In response to Winship’s article, some people suggest the solution is better jobs and childcare. One woman wrote The New York Times (published January 4): “If the money from tax credits enables working-class parents to quit or reduce [the hours they work in] an undervalued, low-paying job and stay home to nurture and raise their children, [avoiding] the stress and anxiety of…unreliable childcare,…what’s so wrong with that? Let them enjoy the options more financially secure parents enjoy.”
Actually, society should go beyond that. Two-parent households should be able to be financially secure with only one parent working, or with both working half-time, or if one or both chooses to spend their days subsistence farming or creating art or literature writing that doesn’t don’t make them rich or famous. They might have to give up luxury, but they shouldn’t have to give up financial security or the ability to have more children.
After all, said artist and cartoonist Tim Kreider, in The New York Times, July 10, 2020, “One important function of jobs is to keep you too preoccupied and tired to do anything else.”
The doctrine that everyone must “work” has also been used to promote abortion, euthanasia, population control, and accepting the reduction of lifespans through exposure to lucrative but dangerous toxins and radiation.
Matthew Walther in a New York Times essay of May 12, 2022, noted that what abortion supporters “hail as the society-wide benefits of decades of legal abortion” include: more women participating in the labor force, a more “flexible” work force, and “the maximization of shareholder value.” Oh, and a more “dynamic” workforce with less turnover.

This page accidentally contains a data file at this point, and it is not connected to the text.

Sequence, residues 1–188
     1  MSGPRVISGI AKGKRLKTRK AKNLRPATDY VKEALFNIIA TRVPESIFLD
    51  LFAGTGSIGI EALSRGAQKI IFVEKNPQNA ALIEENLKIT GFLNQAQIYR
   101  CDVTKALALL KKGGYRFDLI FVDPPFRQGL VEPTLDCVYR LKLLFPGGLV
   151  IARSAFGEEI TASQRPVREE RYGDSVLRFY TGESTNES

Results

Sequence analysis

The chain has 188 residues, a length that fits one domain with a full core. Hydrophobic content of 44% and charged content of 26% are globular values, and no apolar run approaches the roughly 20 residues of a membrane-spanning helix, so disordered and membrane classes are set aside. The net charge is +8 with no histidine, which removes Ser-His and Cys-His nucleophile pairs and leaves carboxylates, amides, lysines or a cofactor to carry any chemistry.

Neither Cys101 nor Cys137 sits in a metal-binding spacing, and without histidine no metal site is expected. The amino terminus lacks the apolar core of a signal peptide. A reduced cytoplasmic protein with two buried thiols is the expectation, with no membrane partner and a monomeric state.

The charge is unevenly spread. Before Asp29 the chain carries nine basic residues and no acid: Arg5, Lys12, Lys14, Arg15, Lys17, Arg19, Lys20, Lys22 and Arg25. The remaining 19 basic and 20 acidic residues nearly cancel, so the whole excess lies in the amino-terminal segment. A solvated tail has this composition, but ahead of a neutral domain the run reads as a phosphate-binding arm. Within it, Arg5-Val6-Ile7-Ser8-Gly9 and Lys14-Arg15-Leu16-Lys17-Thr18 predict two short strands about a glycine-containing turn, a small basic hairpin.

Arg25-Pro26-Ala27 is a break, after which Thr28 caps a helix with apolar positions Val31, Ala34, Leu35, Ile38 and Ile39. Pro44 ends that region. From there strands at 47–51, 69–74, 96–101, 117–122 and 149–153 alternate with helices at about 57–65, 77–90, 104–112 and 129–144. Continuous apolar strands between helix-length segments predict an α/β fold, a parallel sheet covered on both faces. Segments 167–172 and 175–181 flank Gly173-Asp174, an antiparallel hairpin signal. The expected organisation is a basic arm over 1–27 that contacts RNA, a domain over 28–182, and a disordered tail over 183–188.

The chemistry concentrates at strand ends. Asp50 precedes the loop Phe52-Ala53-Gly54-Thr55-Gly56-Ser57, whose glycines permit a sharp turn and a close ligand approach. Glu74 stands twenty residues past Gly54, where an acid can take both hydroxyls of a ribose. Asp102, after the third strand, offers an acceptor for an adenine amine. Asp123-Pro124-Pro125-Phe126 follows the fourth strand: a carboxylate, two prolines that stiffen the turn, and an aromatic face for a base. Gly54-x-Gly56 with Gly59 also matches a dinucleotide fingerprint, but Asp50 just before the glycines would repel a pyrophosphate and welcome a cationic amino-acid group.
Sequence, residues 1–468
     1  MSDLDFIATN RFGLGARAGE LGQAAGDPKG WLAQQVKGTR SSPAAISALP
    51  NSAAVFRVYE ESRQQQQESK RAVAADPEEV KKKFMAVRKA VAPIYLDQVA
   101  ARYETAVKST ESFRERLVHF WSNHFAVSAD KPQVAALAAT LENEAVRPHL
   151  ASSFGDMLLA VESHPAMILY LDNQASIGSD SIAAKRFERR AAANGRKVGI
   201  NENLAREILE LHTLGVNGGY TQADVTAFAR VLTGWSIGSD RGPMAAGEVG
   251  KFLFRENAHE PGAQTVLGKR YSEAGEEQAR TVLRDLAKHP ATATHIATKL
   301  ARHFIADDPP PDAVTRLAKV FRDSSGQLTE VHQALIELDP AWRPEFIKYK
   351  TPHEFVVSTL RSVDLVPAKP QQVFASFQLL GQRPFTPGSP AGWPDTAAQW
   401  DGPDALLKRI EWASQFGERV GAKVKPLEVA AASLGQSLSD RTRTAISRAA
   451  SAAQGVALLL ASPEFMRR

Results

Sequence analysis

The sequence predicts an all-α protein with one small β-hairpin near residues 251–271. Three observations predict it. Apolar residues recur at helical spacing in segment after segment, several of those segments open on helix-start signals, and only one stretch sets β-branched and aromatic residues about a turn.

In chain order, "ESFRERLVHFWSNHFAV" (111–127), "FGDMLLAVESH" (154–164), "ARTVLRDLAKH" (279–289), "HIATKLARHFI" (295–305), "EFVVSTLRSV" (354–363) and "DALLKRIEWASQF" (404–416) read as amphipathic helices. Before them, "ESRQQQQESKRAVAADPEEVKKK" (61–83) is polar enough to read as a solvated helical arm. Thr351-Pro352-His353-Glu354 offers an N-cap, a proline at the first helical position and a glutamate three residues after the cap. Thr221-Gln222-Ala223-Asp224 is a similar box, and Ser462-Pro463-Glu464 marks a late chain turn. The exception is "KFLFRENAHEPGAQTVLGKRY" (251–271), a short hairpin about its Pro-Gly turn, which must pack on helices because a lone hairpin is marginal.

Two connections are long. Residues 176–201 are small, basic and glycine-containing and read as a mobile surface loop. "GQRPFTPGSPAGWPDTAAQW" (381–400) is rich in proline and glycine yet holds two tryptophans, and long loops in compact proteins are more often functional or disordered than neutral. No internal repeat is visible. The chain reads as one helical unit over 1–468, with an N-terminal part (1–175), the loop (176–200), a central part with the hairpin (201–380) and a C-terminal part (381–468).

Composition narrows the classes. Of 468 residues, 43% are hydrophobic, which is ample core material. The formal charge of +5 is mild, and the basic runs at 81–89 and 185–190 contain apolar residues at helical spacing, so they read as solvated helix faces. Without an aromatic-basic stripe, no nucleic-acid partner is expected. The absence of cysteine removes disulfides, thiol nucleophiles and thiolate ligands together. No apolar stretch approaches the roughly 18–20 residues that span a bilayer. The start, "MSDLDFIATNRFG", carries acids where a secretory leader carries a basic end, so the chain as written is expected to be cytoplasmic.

But why must we measure a nation’s advancedness by the percentage of its population working a minimum number of hours in Wall-Street-approved jobs or by the value of stock? And must every employee be so “flexible” that they easily change hours, locations, and roles with little notice? In addition, are not some of the biggest corporations powerful enough that they have some control over which events and trends raise and lower the price of stock? Therefore, if the price of stock jumps when something happens, can we not suspect that the powerful directors of these powerful corporations really like what happened?
That a purpose of work requirements is to get parents away from children is illustrated by the following observation made by Matthew Desmond (New York Times Magazine, September 16, 2018):
Actually, what is desirable is women participating in the workforce if and when they want to. But women who want to stay home with their children should be just as respected.
The best measure of progress, the ultimate goal one should measure all society goals against, should be human health, life, and contentment, not shareholder value. The measure of progress by shareholder value has been used to justify harmful exploitation of the environment and living things.
More of our posts from Ms. Boomer-ang:
Political Homelessness is Better than a Wrong Political Home
“Shut Up and Enjoy it!”: Abortion Promoters who Sexually Pressure Women
The Danger of Coerced Euthanasia: Questions to Ask
Asking Questions about Miscarriage and Abortion